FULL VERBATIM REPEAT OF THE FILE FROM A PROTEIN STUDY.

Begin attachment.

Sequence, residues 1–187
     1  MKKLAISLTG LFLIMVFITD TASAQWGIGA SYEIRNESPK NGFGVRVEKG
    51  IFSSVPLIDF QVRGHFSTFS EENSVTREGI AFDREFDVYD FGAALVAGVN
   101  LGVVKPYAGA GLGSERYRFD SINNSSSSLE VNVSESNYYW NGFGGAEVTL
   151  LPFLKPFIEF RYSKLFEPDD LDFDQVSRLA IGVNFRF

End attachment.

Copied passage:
Sequence, residues 1–187
     1  MKKLAISLTG LFLIMVFITD TASAQWGIGA SYEIRNESPK NGFGVRVEKG
    51  IFSSVPLIDF QVRGHFSTFS EENSVTREGI AFDREFDVYD FGAALVAGVN
   101  LGVVKPYAGA GLGSERYRFD SINNSSSSLE VNVSESNYYW NGFGGAEVTL
   151  LPFLKPFIEF RYSKLFEPDD LDFDQVSRLA IGVNFRF